Re: ODBC error 9900

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Re: ODBC error 9900

Joshua Fletcher
Jeff Edwards wrote:
> it throws an error 9900

Does ODBC GET LAST ERROR report any more information besides the error
number?

http://www.4d.com/docs/CMU/CMU00825.HTM

Kind regards,

Josh Fletcher

--
Josh Fletcher
Technical Support Engineer
4D, Inc.

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Re: ODBC error 9900

jeffFromOz
Unfortunately not.  I do have an error handler installed . . BTW  . I  
noticed that the documentation is wrong in that the errSQLServer  
parameter is meant to be an integer rather than text.   Nevertheless  
the only populated variable is errCode with 9900.

On 23/08/2006, at 5:00 AM, Josh Fletcher (4D, Inc.) wrote:

>
>> it throws an error 9900
>
> Does ODBC GET LAST ERROR report any more information besides the  
> error number?
>


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Re: ODBC error 9900

jeffFromOz
Any other takers on this question?

To recap:

When running the following code (in its own process or user/runtime  
process . . it does not matter) . . I get an errorCode of 9900.


$sql:="create table Letter (ClientID integer, DateWritten datetime,  
Category varchar(5), _SYNC_ID varchar(14))"
ODBC EXECUTE($sql)

When looking at the last error with an error handler it shows:

ODBC GET LAST ERROR (errCode; errText; errODBC; errSQLServer)

errCode=9900
errText=""
errODBC=""
errSQLServer=0

and without the on err call it displays the ODBC Error dialog with  
Error - Error #9900, Action = ODBC Error, SQLState - Native Error:0

The Table IS created in SQL Server.

The sql seems fine for SQL Server since when it is pasted and  
executed in another app, it executes without any visible error messages.



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Re: ODBC error 9900

John Flynn-2
In reply to this post by Joshua Fletcher
Hi Jeff,

> A little problem I hope you can help me with.  I am using 4D2004.3 on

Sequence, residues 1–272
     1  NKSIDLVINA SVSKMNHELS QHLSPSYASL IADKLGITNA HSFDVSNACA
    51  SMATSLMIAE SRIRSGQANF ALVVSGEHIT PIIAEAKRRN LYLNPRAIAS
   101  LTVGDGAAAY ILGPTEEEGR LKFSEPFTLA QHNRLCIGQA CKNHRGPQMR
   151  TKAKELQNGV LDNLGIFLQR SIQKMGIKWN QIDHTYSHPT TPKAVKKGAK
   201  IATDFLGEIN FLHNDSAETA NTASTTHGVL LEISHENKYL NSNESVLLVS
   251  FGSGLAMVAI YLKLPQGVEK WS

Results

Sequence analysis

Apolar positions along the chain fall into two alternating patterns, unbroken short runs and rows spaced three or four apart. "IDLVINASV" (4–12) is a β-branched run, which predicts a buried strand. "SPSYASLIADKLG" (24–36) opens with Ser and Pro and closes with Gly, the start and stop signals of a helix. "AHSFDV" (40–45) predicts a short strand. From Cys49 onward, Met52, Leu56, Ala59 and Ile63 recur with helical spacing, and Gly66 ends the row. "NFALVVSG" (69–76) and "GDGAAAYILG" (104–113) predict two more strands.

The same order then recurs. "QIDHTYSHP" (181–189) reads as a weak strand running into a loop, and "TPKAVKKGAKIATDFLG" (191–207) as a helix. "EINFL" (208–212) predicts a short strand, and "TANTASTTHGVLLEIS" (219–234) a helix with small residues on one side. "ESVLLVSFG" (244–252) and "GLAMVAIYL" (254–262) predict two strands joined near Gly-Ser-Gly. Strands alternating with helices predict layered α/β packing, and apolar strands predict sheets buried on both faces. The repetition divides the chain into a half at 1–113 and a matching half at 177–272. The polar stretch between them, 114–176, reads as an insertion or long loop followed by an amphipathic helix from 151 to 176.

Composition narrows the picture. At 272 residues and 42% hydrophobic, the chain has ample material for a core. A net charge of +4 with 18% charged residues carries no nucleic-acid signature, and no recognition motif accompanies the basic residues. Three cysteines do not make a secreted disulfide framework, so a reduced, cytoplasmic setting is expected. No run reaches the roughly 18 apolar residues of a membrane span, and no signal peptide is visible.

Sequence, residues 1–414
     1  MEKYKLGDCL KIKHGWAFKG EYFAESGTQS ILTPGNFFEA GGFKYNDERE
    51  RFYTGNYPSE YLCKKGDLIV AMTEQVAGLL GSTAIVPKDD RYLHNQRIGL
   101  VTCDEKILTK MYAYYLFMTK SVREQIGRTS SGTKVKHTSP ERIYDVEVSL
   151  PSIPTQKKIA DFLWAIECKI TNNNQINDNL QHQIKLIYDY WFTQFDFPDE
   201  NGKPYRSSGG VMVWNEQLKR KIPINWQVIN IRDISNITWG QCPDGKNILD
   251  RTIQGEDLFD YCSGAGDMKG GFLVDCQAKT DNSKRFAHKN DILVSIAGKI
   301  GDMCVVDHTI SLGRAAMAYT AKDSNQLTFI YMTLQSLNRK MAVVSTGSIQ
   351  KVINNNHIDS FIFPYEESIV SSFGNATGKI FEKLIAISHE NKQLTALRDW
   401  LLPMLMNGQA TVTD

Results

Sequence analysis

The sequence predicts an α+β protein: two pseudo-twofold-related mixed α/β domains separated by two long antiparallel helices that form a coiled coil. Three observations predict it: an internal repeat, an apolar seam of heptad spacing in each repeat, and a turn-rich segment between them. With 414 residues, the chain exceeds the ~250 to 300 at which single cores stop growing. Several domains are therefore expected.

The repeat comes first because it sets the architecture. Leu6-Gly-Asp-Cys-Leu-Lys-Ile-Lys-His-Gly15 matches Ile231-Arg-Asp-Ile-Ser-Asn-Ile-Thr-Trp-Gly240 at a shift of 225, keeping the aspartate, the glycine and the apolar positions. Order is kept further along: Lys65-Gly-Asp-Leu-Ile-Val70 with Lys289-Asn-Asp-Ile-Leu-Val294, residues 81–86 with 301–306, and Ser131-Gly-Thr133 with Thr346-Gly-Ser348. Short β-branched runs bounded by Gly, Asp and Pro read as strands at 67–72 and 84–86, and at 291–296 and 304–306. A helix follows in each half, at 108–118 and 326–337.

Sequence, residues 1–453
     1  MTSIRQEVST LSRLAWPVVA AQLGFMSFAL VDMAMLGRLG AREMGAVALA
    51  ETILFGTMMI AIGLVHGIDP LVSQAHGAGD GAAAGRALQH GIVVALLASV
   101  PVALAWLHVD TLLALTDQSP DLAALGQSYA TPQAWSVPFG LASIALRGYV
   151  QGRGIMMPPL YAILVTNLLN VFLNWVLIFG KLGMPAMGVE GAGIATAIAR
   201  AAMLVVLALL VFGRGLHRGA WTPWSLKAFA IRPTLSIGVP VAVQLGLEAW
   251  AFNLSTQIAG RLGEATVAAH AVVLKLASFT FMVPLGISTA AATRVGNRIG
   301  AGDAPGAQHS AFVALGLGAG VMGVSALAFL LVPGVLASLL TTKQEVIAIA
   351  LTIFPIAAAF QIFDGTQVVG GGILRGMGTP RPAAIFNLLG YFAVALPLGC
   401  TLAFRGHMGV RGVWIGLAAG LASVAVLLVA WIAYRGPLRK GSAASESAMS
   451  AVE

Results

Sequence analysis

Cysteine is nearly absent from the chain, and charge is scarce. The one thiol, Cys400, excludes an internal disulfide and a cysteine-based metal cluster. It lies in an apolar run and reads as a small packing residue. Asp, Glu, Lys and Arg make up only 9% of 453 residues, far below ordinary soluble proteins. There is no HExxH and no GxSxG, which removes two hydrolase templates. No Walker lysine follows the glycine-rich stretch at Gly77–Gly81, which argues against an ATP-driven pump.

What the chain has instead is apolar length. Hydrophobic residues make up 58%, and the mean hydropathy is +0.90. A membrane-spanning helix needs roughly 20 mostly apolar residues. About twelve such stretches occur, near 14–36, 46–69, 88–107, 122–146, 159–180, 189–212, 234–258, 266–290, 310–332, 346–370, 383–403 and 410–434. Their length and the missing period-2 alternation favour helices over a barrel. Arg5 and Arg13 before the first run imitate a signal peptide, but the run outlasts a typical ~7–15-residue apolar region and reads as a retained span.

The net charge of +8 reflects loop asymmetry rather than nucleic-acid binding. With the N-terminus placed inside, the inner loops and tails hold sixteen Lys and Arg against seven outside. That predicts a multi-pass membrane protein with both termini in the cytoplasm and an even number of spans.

> OSX tiger as a client to MS SQL Server.  The data source is fine and
> connection is up.  However . .
>
> When I try to do a simple statement like this:
>
> ODBC LOGIN
> (×JBE_ODBC_TF_DataSource;×JBE_ODBC_TF_UserName;×JBE_ODBC_TF_Password)
> $sql:="create table Letter (ClientID integer, DateWritten datetime,
> Category varchar(5), _SYNC_ID varchar(14))"
> ODBC EXECUTE($sql)
>
> it throws an error 9900
>
> The strange thing is that I can paste this sql into the SQL Server
> Manager Studio, and it has no problem with it.

I also have seen error 9900. I saw it when I was on v2004.2. BTW I am on
Windows, connecting to a Sybase database. By now I've upgraded to
4Dv2004.4.

My note to myself from a few months back says this: "There's a special
case when code=9900 (in v2004.2) or code=0 (in v2004.3), text=blank,
errODBC=blank, and errSQLServer=0. The built-in ODBC stuff returns this in
a couple of different situations that we know of: When there's two or more
SELECTs in the SQL batch and the first one is setting variables rather
than returning rows, or when the first statement in the SQL batch is a
DELETE that deletes no rows."

I'm not sure what all has changed in this from 2004.2 to 2004.3 to 2004.4.
And of course the differences between Mac vs. Windows, and MS SQL Server
vs. Sybase ASE, could come into play.

The issue about "multiple SELECTs in a batch" is a well-known limitation
of the built-in 4D ODBC commands, and it's been discussed here before, and
also I've sent in a feature request to 4D about it. However, the DELETE
thing was very strange. As I recall, when I passed in a SQL DELETE command
that deleted no rows, that triggered the 9900. I worked around it by
including a dummy command preceding the DELETE in the SQL batch (a command
like "declare @dummy int"). I assume this has got to be another glitch in
the 4D ODBC commands, having to do with result sets, rowcounts, etc., but
I haven't done much else to narrow it down.

Basically, the built-in ODBC commands appear to have been designed with
the assumption that all we'd be doing is simple SELECT statements, one per
SQL command batch. As soon as you deviate in any way (perhaps by issuing a
CREATE TABLE command), all bets are off and funny things might happen to
you. Try preceding your CREATE TABLE command with "declare @dummy int",
which I'm pretty sure MS SQL Server syntax allows. That might be enough to
trick 4D.

- John.


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